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Streaming in a State of Flow

Excellent article by Joe Weix for the Dropbox blog about the Flow State newsletter:

A current obsession—call it a trend, if you must—are flow state playlists, which have become kind of a thing in the last few months. Basically, they’re heavily curated collections of music designed to assist people needing a little extra gumption. They’re like a nice afternoon caffeine boost, without having to deal with a rude barista.

One of the best work playlists out there currently is a newsletter called Flow State. Every weekday morning, it sends a batch of albums (or playlists, or mixtapes…) of perfect music to work to, usually around two hours worth, designed to get you into a productive, er, flow state.

I am a subscriber to the newsletter for sometime now, and really enjoy many of suggestions from “Marcus”. And his shorts paragraphs about the artist and the music in question are always very interesting. 

The article popped up in my twitter timeline yesterday, but now I noticed it is from March 2019. I wonder how much his subscriber base has grown since then, when it had over 4,000 subscribers.

Flow State runs a substack newsletter, with free and paid versions. A subscription (US$ 49.99/year or US$6.99/month), besides rewarding the authors for their effort, gives access to private Spotify and Apple Music playlists (over 500 hours of music) and weekly podcasts with two-hour mixes. 

Users can also contribute US$99.99/years while getting the same features.

(A bit off-topic but worth mentioning: these Substack prices are a problem for international markets. Useful to compare with the Spotify situation: Spotify Premium charges US$9.99 in U.S., but its global ARPU in the 2020 Q1 was US$4.87, less than half. Consider Brazil, a very important market for Spotify: a local subscription costs the equivalent of US$3.25. To makes things even worse, a Substack subscription costs relatively more, because international transactions with a credit card have a worse exchange rate and an additional 6.38% tax. So, paying US$6.99 for a Substack in Brazil costs 2.5x the local price of Spotify premium, while for U.S. customers, the same value represents only 0.7x of Spotify Premium!)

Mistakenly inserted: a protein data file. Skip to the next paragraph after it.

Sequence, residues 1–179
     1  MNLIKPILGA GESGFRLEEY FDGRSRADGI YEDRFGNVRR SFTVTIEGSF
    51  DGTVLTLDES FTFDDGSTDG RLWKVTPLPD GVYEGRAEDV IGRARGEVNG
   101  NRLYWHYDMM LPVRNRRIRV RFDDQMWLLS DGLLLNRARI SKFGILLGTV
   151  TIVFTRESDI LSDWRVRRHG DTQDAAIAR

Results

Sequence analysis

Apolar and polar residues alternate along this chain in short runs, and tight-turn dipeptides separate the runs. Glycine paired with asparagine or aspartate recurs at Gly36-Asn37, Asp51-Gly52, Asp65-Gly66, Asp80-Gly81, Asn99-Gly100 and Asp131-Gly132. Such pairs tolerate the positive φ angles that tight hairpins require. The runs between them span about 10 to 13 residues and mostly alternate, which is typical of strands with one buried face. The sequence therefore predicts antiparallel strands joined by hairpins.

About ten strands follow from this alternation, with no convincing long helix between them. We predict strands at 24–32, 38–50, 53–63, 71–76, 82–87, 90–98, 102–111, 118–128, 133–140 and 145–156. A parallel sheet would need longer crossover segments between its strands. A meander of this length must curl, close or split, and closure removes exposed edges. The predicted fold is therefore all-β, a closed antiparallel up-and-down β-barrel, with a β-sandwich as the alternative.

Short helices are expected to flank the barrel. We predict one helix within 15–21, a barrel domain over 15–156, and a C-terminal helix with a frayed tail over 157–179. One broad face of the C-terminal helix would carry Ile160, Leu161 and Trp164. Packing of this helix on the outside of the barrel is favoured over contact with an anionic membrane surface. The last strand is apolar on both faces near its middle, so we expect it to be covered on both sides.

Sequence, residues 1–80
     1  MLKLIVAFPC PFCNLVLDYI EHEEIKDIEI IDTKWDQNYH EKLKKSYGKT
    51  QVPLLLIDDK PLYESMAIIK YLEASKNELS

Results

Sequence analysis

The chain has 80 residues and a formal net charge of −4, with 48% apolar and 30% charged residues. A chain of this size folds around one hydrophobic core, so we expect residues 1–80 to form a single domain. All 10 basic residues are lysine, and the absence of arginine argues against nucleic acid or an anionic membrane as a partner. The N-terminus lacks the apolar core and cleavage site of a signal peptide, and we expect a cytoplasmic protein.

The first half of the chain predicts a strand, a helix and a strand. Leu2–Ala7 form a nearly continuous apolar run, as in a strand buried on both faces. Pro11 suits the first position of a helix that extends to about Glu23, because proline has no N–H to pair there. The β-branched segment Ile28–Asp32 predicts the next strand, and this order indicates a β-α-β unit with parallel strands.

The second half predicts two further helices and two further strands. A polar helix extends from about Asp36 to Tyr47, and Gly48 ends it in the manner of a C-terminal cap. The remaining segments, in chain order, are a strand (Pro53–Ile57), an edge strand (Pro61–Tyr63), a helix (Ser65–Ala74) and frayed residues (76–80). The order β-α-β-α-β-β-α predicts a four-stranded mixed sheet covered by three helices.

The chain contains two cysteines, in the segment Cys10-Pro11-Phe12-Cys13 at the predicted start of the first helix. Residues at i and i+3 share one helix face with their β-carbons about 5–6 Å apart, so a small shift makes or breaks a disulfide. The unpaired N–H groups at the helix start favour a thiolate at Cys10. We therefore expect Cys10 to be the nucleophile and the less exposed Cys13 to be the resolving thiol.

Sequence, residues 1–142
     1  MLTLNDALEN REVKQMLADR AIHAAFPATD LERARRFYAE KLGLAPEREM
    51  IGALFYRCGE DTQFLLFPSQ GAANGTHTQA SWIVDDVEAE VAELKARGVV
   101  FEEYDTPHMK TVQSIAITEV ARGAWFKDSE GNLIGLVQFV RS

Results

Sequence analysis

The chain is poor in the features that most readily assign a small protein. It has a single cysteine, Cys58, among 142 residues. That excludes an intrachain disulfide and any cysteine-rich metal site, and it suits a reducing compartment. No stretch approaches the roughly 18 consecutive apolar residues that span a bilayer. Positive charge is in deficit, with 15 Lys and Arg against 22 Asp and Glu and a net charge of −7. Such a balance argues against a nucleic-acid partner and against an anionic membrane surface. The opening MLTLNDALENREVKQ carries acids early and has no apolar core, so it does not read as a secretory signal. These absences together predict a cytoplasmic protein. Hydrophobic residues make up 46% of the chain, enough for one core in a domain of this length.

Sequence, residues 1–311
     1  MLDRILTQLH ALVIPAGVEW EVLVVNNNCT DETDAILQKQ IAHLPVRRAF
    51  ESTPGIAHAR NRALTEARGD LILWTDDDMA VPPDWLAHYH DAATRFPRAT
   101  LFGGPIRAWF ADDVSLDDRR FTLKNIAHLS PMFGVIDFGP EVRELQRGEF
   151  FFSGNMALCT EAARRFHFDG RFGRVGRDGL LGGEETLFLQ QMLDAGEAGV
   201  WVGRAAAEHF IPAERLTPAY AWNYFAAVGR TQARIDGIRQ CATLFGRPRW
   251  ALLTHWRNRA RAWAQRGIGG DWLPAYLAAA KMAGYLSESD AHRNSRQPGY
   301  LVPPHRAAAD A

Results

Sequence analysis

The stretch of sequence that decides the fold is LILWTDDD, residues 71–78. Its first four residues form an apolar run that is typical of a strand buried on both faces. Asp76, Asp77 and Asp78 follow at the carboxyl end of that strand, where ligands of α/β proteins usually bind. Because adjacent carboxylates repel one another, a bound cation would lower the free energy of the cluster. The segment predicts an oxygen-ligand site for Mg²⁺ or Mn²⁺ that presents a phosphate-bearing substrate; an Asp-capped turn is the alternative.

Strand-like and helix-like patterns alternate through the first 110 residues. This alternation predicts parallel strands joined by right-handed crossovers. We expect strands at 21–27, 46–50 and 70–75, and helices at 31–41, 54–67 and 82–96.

Anyway, I want to highlight one point about the story, where Marcus tells about his plans for the future of Flow State:

He has big future plans for the newsletter. This includes adding new features for premium users, like building out a digital library, as well as creating community features, like an internet art project in which all subscribers attempt together. And if all that works, “perhaps even provide non-music things to help people focus.”

As of July 2020, those new features have not been released but no problem there. The newsletter is working very well as it is, but the idea of a Flow State-based digital library and community features seems like a great one and it is exactly what I wish that Spotify or other music services were working on and eventually releasing.

I really wonder how premium subscribers handle a 500 hour playlist. Or instead, as Marcus says, the ideal playlist should last two hours: are there 250 shorter playlists for them to navigate?

The routine for free subscribers is even less practical. As the weeks go by, I gather dozens of great music recommendations from the newsletter in my mail inbox. I can listen to the songs, I can add them to a playlist of my own, I can “like” them, I can make a note about an album or artist in my todo list or I can simply archive the emails for later. The amount of great recommendations that must have slipped through is likely huge.

What I like most about this story is that Flow State is a music recommendation purposely built to help people focus at work and be more productive. So it makes all sense that the music recommendation service should itself be focused and organised. It is no small irony that the article praising Flow State ran on a blog hosted by Dropbox, a service designed to keep keep people collaborating in an organised, synchronised way.

So yeah, as it is, one can say that the limitations of current music streaming services are an important obstacle for many listeners to enter and maintain a state of flow while they concentrate at work, study etc.

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